The order Carcharhiniformes includes the largest number of shark species. Currently, seven families and more than 200 species are known. The group is widely distributed in tropical and temperate regions, from coastal regions to the continental slope. Most species are treated in Compagno (1984), and Australian species in Last & Stevens (2009).
The diversity in form of the 47 genera and over 200 species in this order is not particularly great, mostly reflecting contrasting requirements for bottom living and free swimming modes of existence. Genera are currently grouped into 7 families, 4 of which are represented in southern Aust waters. All have 2 dorsal fins, an anal fin and a transparent lower eyelid known as a nictitating membrane.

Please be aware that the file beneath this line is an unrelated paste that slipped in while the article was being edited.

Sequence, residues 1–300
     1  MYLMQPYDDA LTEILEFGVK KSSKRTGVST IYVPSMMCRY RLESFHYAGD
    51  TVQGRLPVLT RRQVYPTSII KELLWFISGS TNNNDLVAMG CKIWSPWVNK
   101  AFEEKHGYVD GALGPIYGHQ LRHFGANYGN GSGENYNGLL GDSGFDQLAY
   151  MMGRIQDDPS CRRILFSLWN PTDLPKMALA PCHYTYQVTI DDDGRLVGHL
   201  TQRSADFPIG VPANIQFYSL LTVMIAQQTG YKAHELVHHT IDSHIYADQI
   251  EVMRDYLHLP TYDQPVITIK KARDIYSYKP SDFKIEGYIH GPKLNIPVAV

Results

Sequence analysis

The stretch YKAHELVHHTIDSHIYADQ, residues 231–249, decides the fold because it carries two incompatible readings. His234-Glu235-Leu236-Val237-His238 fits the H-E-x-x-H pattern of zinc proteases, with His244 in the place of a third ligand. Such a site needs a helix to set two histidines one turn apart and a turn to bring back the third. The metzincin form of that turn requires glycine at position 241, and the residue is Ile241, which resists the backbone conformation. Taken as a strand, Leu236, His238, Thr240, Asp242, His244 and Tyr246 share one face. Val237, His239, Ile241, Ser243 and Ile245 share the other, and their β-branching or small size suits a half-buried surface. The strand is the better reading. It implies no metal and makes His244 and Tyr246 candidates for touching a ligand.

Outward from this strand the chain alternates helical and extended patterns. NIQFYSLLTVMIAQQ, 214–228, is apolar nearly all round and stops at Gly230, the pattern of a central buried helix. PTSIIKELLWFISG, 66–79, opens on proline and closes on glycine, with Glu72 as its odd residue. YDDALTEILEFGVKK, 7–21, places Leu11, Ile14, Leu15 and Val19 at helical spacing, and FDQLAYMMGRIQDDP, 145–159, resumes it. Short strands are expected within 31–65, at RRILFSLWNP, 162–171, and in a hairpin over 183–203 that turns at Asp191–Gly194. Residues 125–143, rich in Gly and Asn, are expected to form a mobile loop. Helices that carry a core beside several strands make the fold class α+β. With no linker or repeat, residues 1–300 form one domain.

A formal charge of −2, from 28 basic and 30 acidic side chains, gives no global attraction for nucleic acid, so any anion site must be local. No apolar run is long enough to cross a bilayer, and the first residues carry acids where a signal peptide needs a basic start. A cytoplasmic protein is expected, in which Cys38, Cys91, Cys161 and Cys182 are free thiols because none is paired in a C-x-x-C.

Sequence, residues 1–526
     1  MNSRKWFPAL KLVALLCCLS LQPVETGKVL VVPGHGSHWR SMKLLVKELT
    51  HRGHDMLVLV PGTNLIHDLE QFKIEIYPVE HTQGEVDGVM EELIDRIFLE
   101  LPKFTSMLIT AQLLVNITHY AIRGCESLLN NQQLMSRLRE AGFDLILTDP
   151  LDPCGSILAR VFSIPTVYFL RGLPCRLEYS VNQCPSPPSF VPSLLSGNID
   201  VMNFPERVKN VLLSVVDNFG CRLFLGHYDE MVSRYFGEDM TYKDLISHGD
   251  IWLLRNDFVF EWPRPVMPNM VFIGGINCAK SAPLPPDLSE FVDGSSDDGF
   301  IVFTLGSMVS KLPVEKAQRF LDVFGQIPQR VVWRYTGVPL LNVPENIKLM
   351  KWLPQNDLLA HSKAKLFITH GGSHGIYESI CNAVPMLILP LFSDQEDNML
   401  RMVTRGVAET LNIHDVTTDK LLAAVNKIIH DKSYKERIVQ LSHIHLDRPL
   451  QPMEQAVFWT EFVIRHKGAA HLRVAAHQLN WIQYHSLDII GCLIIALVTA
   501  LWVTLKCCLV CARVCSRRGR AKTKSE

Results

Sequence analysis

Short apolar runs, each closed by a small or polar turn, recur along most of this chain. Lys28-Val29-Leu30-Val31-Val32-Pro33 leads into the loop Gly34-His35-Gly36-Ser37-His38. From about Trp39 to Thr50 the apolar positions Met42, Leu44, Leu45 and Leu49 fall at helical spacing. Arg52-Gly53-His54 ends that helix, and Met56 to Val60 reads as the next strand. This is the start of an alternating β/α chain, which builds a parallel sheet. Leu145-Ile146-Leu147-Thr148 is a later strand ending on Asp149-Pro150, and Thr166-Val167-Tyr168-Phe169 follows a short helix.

Cavanagh R.D., Kyne, P.M., Fowler, S.L., Musick, J.A. & Bennett, M.B. (eds). (2003). The Conservation Status of Australian Chondrichthyans: Report of the IUCN Shark Specialist Group Australia and Oceania Regional Red List Workshop. The University of Queensland, School of Biomedical Sciences, Brisbane, Australia. X+ 170pp.
Compagno, L.J.V. 1984. FAO Species Catalogue. Sharks of the World. An annotated and illustrated catalogue of shark species known to date. Carcharhiniformes. FAO Fisheries Synopsis No. 125 Vol. 4 Pt 2. Rome : FAO pp. 251–655.
Last, P.R. & Stevens, J.D. 2009. Sharks and Rays of Australia. 2nd edition. Canberra : CSIRO Australia 644 pp. 91 pls figs.